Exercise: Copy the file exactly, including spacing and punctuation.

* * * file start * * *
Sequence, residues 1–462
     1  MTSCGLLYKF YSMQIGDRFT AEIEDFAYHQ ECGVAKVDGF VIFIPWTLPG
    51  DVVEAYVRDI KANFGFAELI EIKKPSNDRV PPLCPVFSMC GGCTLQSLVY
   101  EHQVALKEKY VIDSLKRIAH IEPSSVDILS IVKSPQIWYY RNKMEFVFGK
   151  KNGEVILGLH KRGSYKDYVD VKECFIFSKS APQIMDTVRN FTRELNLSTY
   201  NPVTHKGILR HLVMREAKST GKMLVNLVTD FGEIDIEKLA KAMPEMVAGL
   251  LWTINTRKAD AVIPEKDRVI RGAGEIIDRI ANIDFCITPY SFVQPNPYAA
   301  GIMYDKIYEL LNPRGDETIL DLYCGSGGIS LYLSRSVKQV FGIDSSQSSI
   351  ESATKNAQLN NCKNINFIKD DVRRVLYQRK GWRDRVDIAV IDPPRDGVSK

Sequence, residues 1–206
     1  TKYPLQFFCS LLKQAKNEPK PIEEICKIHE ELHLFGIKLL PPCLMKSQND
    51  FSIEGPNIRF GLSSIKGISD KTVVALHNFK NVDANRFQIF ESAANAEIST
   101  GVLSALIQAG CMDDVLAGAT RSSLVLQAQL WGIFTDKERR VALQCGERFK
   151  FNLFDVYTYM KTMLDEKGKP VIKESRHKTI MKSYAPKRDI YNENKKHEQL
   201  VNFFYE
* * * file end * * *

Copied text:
Sequence, residues 1–462
     1  MTSCGLLYKF YSMQIGDRFT AEIEDFAYHQ ECGVAKVDGF VIFIPWTLPG
    51  DVVEAYVRDI KANFGFAELI EIKKPSNDRV PPLCPVFSMC GGCTLQSLVY
   101  EHQVALKEKY VIDSLKRIAH IEPSSVDILS IVKSPQIWYY RNKMEFVFGK
   151  KNGEVILGLH KRGSYKDYVD VKECFIFSKS APQIMDTVRN FTRELNLSTY
   201  NPVTHKGILR HLVMREAKST GKMLVNLVTD FGEIDIEKLA KAMPEMVAGL
   251  LWTINTRKAD AVIPEKDRVI RGAGEIIDRI ANIDFCITPY SFVQPNPYAA
   301  GIMYDKIYEL LNPRGDETIL DLYCGSGGIS LYLSRSVKQV FGIDSSQSSI
   351  ESATKNAQLN NCKNINFIKD DVRRVLYQRK GWRDRVDIAV IDPPRDGVSK

Sequence, residues 1–206
     1  TKYPLQFFCS LLKQAKNEPK PIEEICKIHE ELHLFGIKLL PPCLMKSQND
    51  FSIEGPNIRF GLSSIKGISD KTVVALHNFK NVDANRFQIF ESAANAEIST
   101  GVLSALIQAG CMDDVLAGAT RSSLVLQAQL WGIFTDKERR VALQCGERFK
   151  FNLFDVYTYM KTMLDEKGKP VIKESRHKTI MKSYAPKRDI YNENKKHEQL
   201  VNFFYE